It has always seemed strange to me that in our endless discussions about education so little stress is laid on the pleasure of becoming an educated person, the enormous interest it adds to life. To be able to be caught up into the world of thought -- that is to be educated.
--Edith Hamilton, educator and writer (1867-1963)
(16:6.6-9) 1. Causation—the reality domain of the physical senses, the scientific realms of logical uniformity, the differentiation of the factual and the nonfactual, reflective conclusions based on cosmic response. This is the mathematical form of the cosmic discrimination.
2. Duty—the reality domain of morals in the philosophic realm, the arena of reason, the recognition of relative right and wrong. This is the judicial form of the cosmic discrimination.
3. Worship—the spiritual domain of the reality of religious experience, the personal realization of divine fellowship, the recognition of spirit values, the assurance of eternal survival, the ascent from the status of servants of God to the joy and liberty of the sons of God. This is the highest insight of the cosmic mind, the reverential and worshipful form of the cosmic discrimination.
These scientific, moral, and spiritual insights, these cosmic responses, are innate in the cosmic mind, which endows all will creatures. The experience of living never fails to develop these three cosmic intuitions; they are constitutive in the self-consciousness of reflective thinking. But it is sad to record that so few persons on Urantia take delight in cultivating these qualities of courageous and independent cosmic thinking.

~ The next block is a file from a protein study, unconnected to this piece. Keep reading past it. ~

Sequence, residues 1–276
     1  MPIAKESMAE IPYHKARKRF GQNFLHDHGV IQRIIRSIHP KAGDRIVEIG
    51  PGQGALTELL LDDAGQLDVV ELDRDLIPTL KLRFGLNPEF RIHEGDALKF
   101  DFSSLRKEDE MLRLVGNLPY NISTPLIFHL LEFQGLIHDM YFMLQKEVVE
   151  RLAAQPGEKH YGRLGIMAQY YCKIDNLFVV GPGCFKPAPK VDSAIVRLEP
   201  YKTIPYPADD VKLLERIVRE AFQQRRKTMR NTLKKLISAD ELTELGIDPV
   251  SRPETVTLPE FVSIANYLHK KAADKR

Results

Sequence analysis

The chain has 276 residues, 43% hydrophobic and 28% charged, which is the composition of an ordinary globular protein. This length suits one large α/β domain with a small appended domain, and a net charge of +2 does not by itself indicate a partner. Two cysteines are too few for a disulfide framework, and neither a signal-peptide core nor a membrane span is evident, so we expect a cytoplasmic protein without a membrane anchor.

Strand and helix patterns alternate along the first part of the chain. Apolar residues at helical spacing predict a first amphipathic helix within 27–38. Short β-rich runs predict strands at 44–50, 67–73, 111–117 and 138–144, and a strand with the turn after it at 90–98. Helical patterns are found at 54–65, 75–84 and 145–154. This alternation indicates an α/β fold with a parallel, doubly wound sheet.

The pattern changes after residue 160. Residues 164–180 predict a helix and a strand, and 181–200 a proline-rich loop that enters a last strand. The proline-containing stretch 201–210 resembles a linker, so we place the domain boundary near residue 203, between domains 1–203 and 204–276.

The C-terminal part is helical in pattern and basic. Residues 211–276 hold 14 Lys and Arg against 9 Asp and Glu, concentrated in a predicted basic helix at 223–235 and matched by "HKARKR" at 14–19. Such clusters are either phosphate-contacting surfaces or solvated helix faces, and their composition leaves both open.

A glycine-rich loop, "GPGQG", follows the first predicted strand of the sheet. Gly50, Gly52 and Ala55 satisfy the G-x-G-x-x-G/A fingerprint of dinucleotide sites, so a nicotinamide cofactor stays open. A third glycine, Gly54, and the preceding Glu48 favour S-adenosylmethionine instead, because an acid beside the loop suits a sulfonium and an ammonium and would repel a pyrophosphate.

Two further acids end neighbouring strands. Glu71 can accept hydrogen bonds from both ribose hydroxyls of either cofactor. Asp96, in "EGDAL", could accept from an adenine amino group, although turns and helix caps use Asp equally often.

Edith Hamilton was an American educator and internationally known author who was one of the most renowned classicists of her era in the United States. A graduate of Bryn Mawr College, she also studied in Germany at the University of Leipzig and the University of Munich. Hamilton began her career as an educator and head of the Bryn Mawr School, a private college preparatory school for girls in Baltimore, Maryland; however, Hamilton is best known for her essays and best-selling books on ancient Greek and Roman civilizations.
Hamilton's second career as an author began after her retirement from Bryn Mawr School in 1922. She was sixty-two years old when her first book, The Greek Way, was published in 1930. It was an immediate success and a featured selection by the Book-of-the-Month Club in 1957. Hamilton's other notable works include The Roman Way (1932), The Prophets of Israel (1936), Mythology (1942), and The Echo of Greece (1957).
Critics have acclaimed Hamilton's books for their lively interpretations of ancient cultures, and she is described as the classical scholar who "brought into clear and brilliant focus the Golden Age of Greek life and thought ... with Homeric power and simplicity in her style of writing". Her works are said to influence modern lives through a "realization of the refuge and strength in the past" to those "in the troubled present." Hamilton's younger sister was Alice Hamilton, an expert in industrial toxicology and the first woman appointed to the faculty of Harvard University.